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3 STARS FOR STARR
PART 1

 

THE STARR MODEL 1858 DOUBLE ACTION NAVY .36 Caliber PERCUSSION REVOLVER

 

     Ebanezer (Eban) Townsend Starr of Yonkers, New York patented and manufactured 3 types of percussion revolvers that were purchased by the United States Government starting in 1861 and ending in 1864. 6,352 Starr DA Navy and Army revolvers were purchased on the open market and 41,102, including the SA Army, were purchased under contract for a total of 47,454 guns. Starr revolvers were the third highest in number to be purchased by the Union government. All three of these models are pictured below.

 

All three of Starr models
From Top To Bottom

Starr Model 1863 Single Action .44 Caliber Percussion Army Revolver (1863-1864
Starr Model 1858 Double Action .36 Caliber Percussion Navy Revolver (1859-1860)
Starr Model 1858 Double Action .44 Caliber Percussion Army Revolver (1862-1863)

 


 

         The first of these revolvers was the Model 1858 Double Action .36 caliber Percussion Navy Revolver. Starr produced, at his Binghamton, New York factory, 3,000 of this model between 1859 and 1860. 100 were ordered by the Navy Department in October, 1861, but were rejected and returned to Starr. However, the Ordnance Department purchased 1,402 before January of 1862, 1,000 of which were delivered in 1861. It is generally believed that a total of 2,250 Starr Navy revolvers were purchased by the federal government or directly by various military departments. All are believed to have been open market purchases.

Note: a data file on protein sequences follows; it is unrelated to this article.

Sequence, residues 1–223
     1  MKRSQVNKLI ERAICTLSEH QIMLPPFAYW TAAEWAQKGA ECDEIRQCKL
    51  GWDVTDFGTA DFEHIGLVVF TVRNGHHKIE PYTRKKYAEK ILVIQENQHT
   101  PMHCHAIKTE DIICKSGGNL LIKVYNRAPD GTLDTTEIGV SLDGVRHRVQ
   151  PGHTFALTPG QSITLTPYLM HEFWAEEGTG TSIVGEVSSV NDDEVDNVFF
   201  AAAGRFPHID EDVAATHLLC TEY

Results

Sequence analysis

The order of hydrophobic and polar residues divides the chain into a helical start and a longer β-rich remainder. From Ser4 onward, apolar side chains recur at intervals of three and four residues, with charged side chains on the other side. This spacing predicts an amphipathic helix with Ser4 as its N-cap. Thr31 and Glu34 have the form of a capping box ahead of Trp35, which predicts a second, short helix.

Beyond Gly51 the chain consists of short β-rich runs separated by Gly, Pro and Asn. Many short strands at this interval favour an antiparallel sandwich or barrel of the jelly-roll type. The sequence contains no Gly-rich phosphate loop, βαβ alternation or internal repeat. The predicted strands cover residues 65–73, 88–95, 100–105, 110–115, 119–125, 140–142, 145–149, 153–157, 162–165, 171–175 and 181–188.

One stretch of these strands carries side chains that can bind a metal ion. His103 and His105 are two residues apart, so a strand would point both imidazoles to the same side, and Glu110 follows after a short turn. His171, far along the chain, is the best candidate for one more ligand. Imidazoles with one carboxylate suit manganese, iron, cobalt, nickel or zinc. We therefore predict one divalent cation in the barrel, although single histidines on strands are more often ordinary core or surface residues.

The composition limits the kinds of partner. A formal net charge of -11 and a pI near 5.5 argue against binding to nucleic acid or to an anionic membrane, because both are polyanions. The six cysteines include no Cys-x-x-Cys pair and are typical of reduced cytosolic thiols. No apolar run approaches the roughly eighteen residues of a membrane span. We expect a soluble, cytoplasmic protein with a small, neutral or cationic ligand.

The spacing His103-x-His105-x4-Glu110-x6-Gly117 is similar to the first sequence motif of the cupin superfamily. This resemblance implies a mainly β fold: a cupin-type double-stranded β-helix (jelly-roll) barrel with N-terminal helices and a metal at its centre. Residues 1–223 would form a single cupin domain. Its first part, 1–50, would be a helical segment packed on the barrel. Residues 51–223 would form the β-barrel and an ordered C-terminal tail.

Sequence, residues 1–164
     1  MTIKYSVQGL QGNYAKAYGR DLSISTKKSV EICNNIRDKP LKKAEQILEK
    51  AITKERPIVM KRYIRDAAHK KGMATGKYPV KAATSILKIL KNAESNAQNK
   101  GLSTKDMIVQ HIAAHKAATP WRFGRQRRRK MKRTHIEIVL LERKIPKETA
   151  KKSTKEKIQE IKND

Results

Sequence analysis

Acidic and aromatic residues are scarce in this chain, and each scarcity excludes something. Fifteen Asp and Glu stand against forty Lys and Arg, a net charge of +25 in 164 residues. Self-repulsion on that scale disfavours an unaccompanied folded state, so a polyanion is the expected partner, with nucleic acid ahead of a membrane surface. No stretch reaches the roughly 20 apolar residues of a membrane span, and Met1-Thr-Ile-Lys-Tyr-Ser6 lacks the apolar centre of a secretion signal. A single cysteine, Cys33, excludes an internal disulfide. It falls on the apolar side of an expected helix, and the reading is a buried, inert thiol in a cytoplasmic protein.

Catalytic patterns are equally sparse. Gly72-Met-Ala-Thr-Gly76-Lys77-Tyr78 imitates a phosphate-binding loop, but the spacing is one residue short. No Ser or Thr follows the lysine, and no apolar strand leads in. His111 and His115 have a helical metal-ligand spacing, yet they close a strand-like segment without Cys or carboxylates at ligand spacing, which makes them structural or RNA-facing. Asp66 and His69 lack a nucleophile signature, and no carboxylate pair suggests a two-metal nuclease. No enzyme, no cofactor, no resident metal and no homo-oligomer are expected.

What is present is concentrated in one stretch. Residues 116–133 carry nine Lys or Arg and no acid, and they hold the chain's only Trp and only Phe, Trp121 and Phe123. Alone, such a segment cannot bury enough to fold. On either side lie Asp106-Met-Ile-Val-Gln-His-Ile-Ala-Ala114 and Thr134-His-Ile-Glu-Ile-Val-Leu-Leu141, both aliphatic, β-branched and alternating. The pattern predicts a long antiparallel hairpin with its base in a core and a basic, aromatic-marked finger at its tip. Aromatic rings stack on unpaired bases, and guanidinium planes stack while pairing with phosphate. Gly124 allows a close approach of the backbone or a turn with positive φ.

Right Side View of The Model 1858 Double Action .36 Caliber Percussion Navy Revolver
Right Side View of The Model 1858 Double Action .36 Caliber Percussion Navy Revolver

 

     All of the Starr DA revolvers were rugged and successful handguns. They are considered to be one of the most "modern" revolvers of the Civil War era with their construction reflecting the ideas and work of a very gifted inventor. The rejection by the Navy and the somewhat limited purchases of this pre-war revolver led Starr to the production of the larger .44 caliber Army revolvers which were to enjoy greater acceptance with the U.S. military. Those models will be pictured and discussed in Parts Two and Three of this posting series.

 


 

     The double action Starr revolver has been described as a hybrid between a double and single action gun. It is actually a "self cocker" as the large front "trigger" only cocks the hammer and rotates the cylinder. There is an adjustable curved spring lug, screw-held to the rear of the cocking lever that engages the small "real" trigger at the inside rear of the guard that actually releases the hammer to strike the percussion cap to fire the gun. When properly adjusted a long smooth pull of the front trigger or cocking lever will push into and activate the real trigger behind it. The rear trigger can be seen in the following photograph.

 

Left Side View of The Starr Navy, Cocked with Frame Open - Hinge Screw and Cylinder Removed
Left Side View of The Starr Navy, Cocked with Frame Open - Hinge Screw and Cylinder Removed

 

     The blued hinged barrel is 6 inches long. It does not have any markings. It is rifled with 6 grooves. The mortised iron front sight is positioned 3/16" from the muzzle. The "V" notch in the hammer lip serves as the rear sight. The loading lever is cased hardened and is secured by a spring actuated plunger. The rounded lever catch is 7/16" from the muzzle. The two-piece blued frame is held together by a round knurled thumb screw which enters from the right side behind the recoil shield and hammer. The frame is stamped on the outside beneath the cylinder on both sides. There is also a solitary "A" stamped inside the frame under the cylinder.